One article showed a score for predicting unfavourable left atrium and PV anatomy.13 The score consists of seven factors: (1) RSPV ovality index >1.32; (2) LSPV ovality index >1.2; (3) RSPV antral circumference >69.1 mm; (4) RIPV antral circumference >61.38 mm; (5) RSPV >22.7°, which was defined as the angle from the horizontal line to the RSPV on the coronal view; (6) left atrium diameter >43.5 mm and (7) presence of the right middle PV. They reported that patients with scores ≥4 required longer cryoapplication times (p=0.002) and more frequent switching to radiofrequency catheters (p=0.066) to achieve PVI than those with scores <4. Patients with scores ≥4 showed a trend towards more cryoapplications (p=0.059) and longer total procedural times (p=0.068) than those with scores <4.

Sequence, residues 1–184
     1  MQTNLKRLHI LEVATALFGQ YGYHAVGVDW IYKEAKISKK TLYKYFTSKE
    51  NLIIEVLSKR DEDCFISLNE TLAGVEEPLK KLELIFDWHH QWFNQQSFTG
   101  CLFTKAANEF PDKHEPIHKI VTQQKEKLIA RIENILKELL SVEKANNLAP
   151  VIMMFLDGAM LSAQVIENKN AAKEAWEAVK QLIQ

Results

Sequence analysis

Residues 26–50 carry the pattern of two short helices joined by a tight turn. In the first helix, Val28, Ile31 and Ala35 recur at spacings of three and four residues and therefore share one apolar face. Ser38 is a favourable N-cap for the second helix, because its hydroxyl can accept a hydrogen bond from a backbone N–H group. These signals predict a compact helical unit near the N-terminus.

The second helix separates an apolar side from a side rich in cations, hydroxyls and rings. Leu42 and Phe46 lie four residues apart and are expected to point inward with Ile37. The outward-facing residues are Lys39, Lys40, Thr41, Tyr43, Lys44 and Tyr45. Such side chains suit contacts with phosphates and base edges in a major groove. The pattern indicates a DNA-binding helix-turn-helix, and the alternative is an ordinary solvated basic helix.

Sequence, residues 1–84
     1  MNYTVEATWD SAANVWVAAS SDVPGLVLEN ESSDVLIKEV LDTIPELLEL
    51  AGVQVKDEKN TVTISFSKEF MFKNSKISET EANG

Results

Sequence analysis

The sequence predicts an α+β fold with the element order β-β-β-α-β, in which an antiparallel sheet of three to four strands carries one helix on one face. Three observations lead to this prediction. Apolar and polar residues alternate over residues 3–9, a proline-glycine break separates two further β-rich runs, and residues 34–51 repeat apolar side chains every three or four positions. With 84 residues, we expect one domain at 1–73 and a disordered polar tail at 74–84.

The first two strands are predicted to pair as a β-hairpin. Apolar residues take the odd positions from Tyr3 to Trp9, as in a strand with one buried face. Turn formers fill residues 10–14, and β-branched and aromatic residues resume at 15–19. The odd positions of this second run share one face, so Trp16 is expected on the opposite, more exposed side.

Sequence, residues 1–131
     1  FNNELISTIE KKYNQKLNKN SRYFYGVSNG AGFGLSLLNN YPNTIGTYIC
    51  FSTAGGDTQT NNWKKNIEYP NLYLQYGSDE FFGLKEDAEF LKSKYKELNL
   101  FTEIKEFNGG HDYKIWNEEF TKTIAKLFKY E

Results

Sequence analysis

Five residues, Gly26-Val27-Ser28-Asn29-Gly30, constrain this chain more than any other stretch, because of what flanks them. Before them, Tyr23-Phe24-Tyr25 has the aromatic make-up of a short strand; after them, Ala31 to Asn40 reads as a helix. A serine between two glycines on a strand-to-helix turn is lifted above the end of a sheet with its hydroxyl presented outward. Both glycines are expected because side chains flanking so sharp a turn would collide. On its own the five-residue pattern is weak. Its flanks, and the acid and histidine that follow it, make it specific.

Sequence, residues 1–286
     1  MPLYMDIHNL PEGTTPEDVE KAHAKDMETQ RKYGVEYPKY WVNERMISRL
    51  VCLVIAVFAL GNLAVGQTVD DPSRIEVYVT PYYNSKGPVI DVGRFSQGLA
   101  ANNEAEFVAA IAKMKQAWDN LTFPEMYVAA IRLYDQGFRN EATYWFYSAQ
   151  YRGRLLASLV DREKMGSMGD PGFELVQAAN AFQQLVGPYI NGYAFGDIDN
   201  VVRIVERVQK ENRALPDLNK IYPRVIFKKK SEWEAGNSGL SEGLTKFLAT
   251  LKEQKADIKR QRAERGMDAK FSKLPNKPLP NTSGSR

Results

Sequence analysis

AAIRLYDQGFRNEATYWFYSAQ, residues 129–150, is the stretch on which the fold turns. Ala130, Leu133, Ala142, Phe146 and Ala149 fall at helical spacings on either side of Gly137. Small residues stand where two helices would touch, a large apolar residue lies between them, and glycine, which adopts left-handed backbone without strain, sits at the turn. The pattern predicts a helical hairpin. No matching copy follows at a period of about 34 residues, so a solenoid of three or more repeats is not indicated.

Articles reporting no association between anatomy and AF recurrence

One study reported that PV anatomy was not associated with AF recurrence. Mulder et al reported an association between PV anatomy and AF recurrence in 84 patients. They reported that neither PV ovality, variant anatomy and the presence of shared carina nor a common LPV was a predictor of AF recurrence.14

Complications

Regarding complications of cryoballoon ablation in patients with AF, eight articles included anatomical investigations (table 4).

Table 4

Anatomical predictors of complications

Phrenic nerve injury

Through our study, five reports discussed phrenic nerve injury.